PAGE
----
Non-linearities in Covid outcomes

Recent trends in Covid-19 fatalities in Western countries are quite unusual, with a wide range of outcomes. We know that these highly divergent results can be explained with a model where long run outcomes are highly sensitive to whether the replication rate “R0” is above or below 1.0 (after social distancing.) I will argue that a country’s complexity plays an important role in determining that replication rate. Obviously the term ‘complexity’ will require some unpacking, but first let’s look at the number of Covid deaths thus far in November:

EU: 34,276 deaths (76.56 per million)

USA: 14,637 deaths (44.12 per million)

Canada: 658 deaths (17.38 per million)

Australia: Zero deaths (0 per million)

New Zealand: Zero deaths (0 per million)

I will argue that in the list above, countries with higher recent death rates are places with higher levels of complexity. And I’ll also argue that a slight difference in complexity can make a huge different in long run outcomes. And finally, I’ll argue that these results can be affected to some degree by policy choices, but mostly for countries near the “tipping point” (i.e. places like Canada and Australia.)

Before going further, let me address the concern that these results only show recent rends, and thus for instance the US has been hit harder than Europe if you look at the entire pandemic, not just November. Or that Australia and New Zealand had some deaths before November. That’s all true, but I’m interested in current trends because I feel they better illustrate the direction to which countries tend to migrate in the long run.

There are many possible reasons why Australia and New Zealand might have done better than other Western nations. For instance, Australia does not have particularly cold weather. But you could say the same about Texas, which had over 200 deaths yesterday. Or perhaps Australia was just lucky; the virus missed this remote continent.

But the Melbourne area was hit by a huge surge in cases a few months ago, with hundreds of new cases every single day during July and August. Perhaps they avoided “superspreaders”, but how likely does that seem when total cases are in the tens of thousands? There’s the “law of large numbers” to consider. How was Australia able to get things under complete control in a short period of time, and why weren’t other Western nations able to replicate that success?

Consider a model where Covid is easiest to control in an isolated village of 100 people, where everyone knows each other. As societies become more “complex”, Covid becomes progressively more difficult to control. But what exactly does the term  ‘complexity’ mean in this context?

I’m open to suggestions, but I’d start with density. Next I’d add the total population of a country. Then I’d add the ease of movement between population centers. Highly populated and dense countries with lots of movement between regions are highly complex.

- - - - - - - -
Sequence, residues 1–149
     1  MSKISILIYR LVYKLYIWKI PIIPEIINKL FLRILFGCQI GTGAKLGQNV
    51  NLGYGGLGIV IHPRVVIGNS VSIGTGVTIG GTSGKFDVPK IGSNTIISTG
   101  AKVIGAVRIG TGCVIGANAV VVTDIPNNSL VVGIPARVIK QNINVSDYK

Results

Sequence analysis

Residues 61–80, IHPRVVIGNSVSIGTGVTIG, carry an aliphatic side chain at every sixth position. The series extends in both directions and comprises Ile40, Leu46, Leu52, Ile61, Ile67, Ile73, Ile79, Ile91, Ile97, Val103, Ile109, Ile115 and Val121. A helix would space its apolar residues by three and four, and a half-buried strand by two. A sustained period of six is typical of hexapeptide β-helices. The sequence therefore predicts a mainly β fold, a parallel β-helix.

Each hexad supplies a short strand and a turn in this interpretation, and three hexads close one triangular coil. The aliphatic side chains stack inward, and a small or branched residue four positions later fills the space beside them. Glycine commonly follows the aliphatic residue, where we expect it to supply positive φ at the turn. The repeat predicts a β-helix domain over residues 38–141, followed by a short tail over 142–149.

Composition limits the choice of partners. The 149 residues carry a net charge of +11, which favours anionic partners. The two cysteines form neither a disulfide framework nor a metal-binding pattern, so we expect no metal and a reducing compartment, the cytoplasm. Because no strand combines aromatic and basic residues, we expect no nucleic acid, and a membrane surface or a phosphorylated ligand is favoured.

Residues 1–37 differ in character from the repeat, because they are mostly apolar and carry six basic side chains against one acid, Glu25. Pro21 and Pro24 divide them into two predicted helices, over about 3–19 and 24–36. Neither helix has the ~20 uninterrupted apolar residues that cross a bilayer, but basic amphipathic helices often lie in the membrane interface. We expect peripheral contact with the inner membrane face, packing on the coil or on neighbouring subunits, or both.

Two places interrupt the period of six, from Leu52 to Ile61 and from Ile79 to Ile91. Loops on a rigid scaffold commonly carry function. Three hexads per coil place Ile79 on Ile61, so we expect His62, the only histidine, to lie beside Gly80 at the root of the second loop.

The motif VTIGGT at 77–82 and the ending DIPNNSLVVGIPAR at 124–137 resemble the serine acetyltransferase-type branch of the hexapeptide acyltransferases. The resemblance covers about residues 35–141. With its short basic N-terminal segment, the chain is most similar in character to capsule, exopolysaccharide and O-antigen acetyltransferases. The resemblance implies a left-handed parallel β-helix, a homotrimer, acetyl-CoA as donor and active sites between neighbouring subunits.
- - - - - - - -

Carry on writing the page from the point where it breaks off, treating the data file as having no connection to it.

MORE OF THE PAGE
Then I’d add cultural heterogeneity. That factor may be negatively correlated with civic cohesion, or willingness to cooperate for the public good. You might want to add administrative complexity; are the governmental lines of authority clearly demarcated?

Here’s another way to make the distinction. Travel in New Zealand is both much more convenient and much less interesting than travel in Italy. Italy is complex, while New Zealand is “simple” (no pejorative intended.) I’ve lived in both the UK and Australia, and Britain seemed like a much more complicated and confusing country. Less “legible” if that term has any meaning when applied to countries. I suspect that the UK’s greater density plays a big part in that difference. And notice that while hard hit Belgium is a small country, it’s also quite densely populated and culturally diverse, with a confusing governmental structure.

Although Australia has a population roughly comparable to Texas, and also has some metro areas that are only a bit smaller than Dallas and Houston, it differs in one important respect. The Australian population centers are more isolated than in Texas. In a sense, Australia is sort of like five New Zealands cobbled together—with population centers that are pretty isolated from one another by vast distances. People don’t typically just get in the car and drive from Adelaide to Perth. So when commenters tell me what Australia did differently, such as interstate travel bans, I want you to also reflect on the extent to which these policy differences are partly endogenous, reflecting geography and culture.

You might argue that Canada is kind of similar to Australia, both being continental size English-speaking countries with modest populations. But Canada is more diverse, with a French area that was hit far harder than the rest of Canada, including more than 60% of Canada’s Covid deaths. Right now, the four Maritime Provinces have a grand total of 43 active Covid cases, while Quebec has 13,463. Canada may also have more links to the US, despite recent travel bans.